Osirion

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Terraneaux wrote:
One thing I think it's important to understand in Rahadoum vis a vis the false flag operations the Pure Legion wants to run is that the Pure Legion has *very* little oversight and isn't directly part of the civilian government. It's more a problem of runaway military authority, possibly resulting in a coup, than any particular issue with the Rahadoumi as a whole being dicks.

So the worst excesses of the Pure Legion don't represent all of Rahadoum any more than The Burners represent all Iomedae worshippers, or the Lumber Consortium paymasters represent all Andorans?

That seems reasonable.

Shadow Lodge

I think that the Pure Legion is much moe common in Rahadoum than those other groups are within their associeted areas. The Pure Legion is essentually the countries police force/army, and does extend outside the country, while as I understand it, the Burners are a very minor cult and the L.C. only has any real presence in a smaller aea of Andoran (and only certain individuals within it are actually bad).

I could be wrong though.


Set wrote:
So the worst excesses of the Pure Legion don't represent all of Rahadoum any more than The Burners represent all Iomedae worshippers, or the Lumber Consortium paymasters represent all Andorans?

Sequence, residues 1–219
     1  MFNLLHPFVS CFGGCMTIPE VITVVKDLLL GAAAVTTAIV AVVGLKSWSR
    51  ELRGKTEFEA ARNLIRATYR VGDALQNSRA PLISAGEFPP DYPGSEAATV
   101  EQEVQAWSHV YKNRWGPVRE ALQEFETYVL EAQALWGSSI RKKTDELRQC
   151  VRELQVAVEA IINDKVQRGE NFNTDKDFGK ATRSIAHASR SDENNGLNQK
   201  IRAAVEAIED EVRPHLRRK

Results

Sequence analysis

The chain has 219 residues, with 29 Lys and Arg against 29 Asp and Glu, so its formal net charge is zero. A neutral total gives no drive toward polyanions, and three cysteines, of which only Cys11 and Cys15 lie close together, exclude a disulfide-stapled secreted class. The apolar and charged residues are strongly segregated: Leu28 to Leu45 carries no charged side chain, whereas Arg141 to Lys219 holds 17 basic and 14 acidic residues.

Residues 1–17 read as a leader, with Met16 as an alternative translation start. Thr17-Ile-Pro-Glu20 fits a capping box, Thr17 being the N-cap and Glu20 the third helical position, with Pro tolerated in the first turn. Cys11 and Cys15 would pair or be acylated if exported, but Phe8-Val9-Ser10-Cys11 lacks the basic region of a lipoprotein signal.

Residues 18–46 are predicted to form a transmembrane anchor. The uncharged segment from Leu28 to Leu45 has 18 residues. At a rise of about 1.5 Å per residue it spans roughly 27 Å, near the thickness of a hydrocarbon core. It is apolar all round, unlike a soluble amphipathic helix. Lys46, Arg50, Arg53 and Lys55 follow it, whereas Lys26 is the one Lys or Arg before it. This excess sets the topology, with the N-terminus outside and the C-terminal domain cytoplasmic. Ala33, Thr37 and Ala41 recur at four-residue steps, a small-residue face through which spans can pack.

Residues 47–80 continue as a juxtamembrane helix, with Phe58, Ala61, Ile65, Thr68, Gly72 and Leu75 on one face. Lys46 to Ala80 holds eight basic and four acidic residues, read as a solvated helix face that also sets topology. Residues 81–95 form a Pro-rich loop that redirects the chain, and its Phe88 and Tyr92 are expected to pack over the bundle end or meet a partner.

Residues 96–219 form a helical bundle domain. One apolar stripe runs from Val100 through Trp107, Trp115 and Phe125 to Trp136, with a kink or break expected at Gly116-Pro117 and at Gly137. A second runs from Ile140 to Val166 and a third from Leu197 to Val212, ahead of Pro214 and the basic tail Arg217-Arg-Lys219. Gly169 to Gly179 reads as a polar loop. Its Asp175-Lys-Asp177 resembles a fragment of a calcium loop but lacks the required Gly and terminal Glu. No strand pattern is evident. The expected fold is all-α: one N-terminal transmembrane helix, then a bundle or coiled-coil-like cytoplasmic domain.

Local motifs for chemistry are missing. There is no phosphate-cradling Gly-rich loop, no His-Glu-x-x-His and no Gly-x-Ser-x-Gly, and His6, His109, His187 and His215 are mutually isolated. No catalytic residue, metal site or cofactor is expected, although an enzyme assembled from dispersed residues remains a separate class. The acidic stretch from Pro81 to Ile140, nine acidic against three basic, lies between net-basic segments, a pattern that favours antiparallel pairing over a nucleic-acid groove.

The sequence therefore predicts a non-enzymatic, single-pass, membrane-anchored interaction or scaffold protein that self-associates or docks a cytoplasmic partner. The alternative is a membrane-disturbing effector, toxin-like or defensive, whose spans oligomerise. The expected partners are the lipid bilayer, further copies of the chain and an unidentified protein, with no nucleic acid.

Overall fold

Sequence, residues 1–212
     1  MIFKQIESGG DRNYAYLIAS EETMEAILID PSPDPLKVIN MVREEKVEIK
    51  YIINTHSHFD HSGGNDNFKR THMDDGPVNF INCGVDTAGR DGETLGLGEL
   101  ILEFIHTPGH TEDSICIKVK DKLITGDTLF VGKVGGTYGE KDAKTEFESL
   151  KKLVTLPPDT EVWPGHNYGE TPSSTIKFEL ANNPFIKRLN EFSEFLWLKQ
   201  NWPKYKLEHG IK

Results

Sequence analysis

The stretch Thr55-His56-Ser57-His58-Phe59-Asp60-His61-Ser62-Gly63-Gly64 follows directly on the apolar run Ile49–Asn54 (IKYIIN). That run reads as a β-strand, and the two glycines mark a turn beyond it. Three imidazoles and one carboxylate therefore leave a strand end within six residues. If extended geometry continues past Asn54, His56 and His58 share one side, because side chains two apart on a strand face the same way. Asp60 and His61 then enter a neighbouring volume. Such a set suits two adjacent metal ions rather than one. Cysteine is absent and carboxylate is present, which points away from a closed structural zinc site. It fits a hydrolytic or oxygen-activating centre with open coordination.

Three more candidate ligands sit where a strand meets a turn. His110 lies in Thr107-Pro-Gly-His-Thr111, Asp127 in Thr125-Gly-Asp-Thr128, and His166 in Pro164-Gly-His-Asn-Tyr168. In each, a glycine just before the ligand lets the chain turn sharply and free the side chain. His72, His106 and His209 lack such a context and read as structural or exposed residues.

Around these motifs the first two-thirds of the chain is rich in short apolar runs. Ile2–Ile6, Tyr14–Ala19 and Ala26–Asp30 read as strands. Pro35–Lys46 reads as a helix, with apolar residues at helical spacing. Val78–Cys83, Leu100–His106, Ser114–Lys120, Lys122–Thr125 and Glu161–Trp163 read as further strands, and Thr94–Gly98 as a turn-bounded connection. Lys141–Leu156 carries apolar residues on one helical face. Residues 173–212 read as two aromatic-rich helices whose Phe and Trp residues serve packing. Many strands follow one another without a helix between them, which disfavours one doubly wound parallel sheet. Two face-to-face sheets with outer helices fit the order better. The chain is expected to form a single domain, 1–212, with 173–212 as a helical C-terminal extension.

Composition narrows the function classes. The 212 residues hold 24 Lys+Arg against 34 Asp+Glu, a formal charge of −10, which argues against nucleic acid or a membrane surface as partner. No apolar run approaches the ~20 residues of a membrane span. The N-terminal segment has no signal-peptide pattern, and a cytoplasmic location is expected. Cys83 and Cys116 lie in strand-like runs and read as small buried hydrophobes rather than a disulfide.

The Pure Legion doesn't 'represent' anyone. It's a military dictatorship occupying the same physical space as a representative democracy.


Pathfinder Adventure Path Subscriber

I just got the Campaign Setting and going through it, Rahadoum stuck out like a sore thumb.

It just didn't make sense... and then I read a little more about Arnoden... the God of Man. Law of Man, God of Man, the nation closest to Azlant... is there a connection?

Is it possible that Rahadoum (I know this might conflicts greatly with canon) adopted the faith of Arnoden in exasperation with the manipulations and insanities of the other gods?

Now Arnoden is dead... his priests are powerless, and the squabbling pettiness of the other gods is the alternative. Perhaps Rahadoum is keeping the faith with Arnoden, but since he's dead, they no longer venerate him as divine, and in fact because he is dead, they are now ever more puritanical about rejecting the influence of other gods?

Just a thought.

Taldor

Evil Lincoln wrote:
Timothy Hanson wrote: